I have been attending classical (to use the popular definition of the term) concerts since the mid- 1970s, but I am not musically trained and so cannot comment with any expertise on technique, interpretation, etc. However, I do know what I like – and one of the things I like is a concert that mixes old composers/pieces with new. It is satisfying to hear music you know or, if you don’t know the actual music, at least a familiar style. But, it is also great to be challenged by new compositions from contemporary composers.
Musica Viva’s recent subscription concerts – we returned to subscribing about 8 years ago after a bit of a hiatus – achieve an appealing balance in this regard. Under the artistic directorship of Australian composer Carl Vine, we have seen (and heard) a wide range of performers from the tried and true, like the Jerusalem and Tokyo Quartets, to the unusual (for the chamber music scene anyhow) like TaikOz and The Song Company. And, each year, there is a featured composer – a contemporary Australian. In recent years we have had Matthew Hindson, Richard Mills, Ross Edwards, Peter Sculthorpe and, this year, Carl Vine himself. This means that pretty well every concert in the series will include at least one piece by that composer. A painless – indeed usually a joyful – way of being introduced to contemporary repertoire.
And this brings me to last night’s inspiring concert by the young (well, born in 1971) Russian pianist, Katia Skanavi. We rarely have solo piano concerts at Musica Viva, so we were expecting a real treat, and were not disappointed. The program included Schubert, Carl Vine and two pieces by Chopin. It was beautiful – to watch and to listen to. I won’t describe the concert in detail. True music reviewers will do that much better than I, but I will say that Carl Vine’s Piano Sonata No. 3 (2007) was a delight. It comprises 4 movements played without the usual breaks between them. It was both lyrical and dramatic. This may sound silly but I particularly loved the left hand which played some gorgeous quiet lyrical parts and then joined the right in strong dramatic sections. In fact, Katia confirmed once again what a physical thing playing the piano is – her soft notes were barely there but you could hear them all; her loud notes were clear and strong. She seemed to me to combine technical excellence with great expression. After playing for around 80 minutes – with an intermission – she played an encore. Unlike many performers today who tell us what their encore is, she just sat down and played. I think it might have been another Chopin but I’m probably wrong. I will have to wait for the reviews to find out.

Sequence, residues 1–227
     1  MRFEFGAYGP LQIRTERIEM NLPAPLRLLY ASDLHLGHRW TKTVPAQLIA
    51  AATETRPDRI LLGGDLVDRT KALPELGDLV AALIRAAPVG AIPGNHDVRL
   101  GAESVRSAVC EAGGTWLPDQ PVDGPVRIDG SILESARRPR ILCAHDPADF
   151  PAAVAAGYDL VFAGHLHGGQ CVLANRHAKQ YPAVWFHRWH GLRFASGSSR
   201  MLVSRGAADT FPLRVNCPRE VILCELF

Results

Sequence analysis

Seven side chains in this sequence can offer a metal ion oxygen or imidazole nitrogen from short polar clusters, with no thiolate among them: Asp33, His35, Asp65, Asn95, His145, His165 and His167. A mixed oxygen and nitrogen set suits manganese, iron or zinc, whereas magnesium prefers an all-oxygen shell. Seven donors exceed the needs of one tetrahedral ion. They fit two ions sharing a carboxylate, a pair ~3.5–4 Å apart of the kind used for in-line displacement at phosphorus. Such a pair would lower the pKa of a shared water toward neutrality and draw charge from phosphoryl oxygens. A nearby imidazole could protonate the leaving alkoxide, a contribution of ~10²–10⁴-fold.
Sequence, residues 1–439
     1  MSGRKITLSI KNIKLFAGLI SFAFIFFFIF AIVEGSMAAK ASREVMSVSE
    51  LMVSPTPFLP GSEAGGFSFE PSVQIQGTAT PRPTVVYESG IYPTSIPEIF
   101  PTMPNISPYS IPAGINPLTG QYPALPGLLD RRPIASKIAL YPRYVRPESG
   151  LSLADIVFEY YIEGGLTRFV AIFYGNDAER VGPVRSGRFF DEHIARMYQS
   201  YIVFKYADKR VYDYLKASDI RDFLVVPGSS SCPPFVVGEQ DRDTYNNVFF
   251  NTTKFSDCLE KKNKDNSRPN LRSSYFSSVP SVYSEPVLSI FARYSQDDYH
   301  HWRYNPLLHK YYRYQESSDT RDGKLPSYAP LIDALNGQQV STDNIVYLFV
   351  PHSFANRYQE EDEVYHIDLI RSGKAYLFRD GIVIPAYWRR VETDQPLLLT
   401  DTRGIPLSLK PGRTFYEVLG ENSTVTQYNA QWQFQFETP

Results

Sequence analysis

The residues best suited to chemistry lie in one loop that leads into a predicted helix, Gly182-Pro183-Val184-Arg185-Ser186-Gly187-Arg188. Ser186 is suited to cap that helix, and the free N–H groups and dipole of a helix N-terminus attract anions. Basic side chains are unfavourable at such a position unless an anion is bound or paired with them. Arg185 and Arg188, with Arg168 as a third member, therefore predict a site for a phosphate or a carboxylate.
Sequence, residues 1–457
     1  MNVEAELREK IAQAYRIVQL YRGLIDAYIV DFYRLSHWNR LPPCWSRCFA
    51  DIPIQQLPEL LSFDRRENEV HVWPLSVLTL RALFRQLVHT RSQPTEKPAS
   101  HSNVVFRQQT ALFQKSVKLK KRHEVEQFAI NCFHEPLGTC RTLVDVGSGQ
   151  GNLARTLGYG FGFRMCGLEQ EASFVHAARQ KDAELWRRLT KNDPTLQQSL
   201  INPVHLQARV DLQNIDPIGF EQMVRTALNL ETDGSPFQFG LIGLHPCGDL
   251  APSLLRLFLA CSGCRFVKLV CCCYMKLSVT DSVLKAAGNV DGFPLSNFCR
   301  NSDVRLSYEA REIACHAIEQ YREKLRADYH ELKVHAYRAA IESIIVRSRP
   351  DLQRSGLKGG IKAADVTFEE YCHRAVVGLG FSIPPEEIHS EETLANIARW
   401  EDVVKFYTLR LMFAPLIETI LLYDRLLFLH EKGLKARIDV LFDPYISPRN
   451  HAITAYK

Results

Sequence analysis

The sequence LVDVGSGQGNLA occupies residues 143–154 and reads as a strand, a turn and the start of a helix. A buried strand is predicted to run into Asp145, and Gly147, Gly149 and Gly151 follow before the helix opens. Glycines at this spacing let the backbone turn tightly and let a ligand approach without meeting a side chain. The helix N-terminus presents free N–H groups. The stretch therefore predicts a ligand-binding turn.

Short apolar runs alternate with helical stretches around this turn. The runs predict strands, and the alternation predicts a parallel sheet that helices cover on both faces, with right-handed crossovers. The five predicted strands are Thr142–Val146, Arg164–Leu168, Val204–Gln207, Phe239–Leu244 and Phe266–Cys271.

Meanwhile, if you want to hear and see her, albeit much younger, self try this YouTube recording.
Addendum: There was finally a review of the concert BUT, bum, the reviewer did not identify the encore. I bet he didn’t know it either! Anyhow, he agreed that the concert was great. He wrote that “Her playing is deceptively simple. Everything seemed effortless, with even the most complex and technically demanding passages played with a delightful rhythmic definition and precise phrasing and articulation.” (Graham McDonald, “Simply Splendid Skanavi”, Times2, The Canberra Times, 26 May 2009)
Addendum 2: Here is a lovely review from a Melbourne Blogger of the Melbourne concert. They had two encores, and one was Chopin. I reckon ours was too! Anyhow, now I wish we’d clapped more…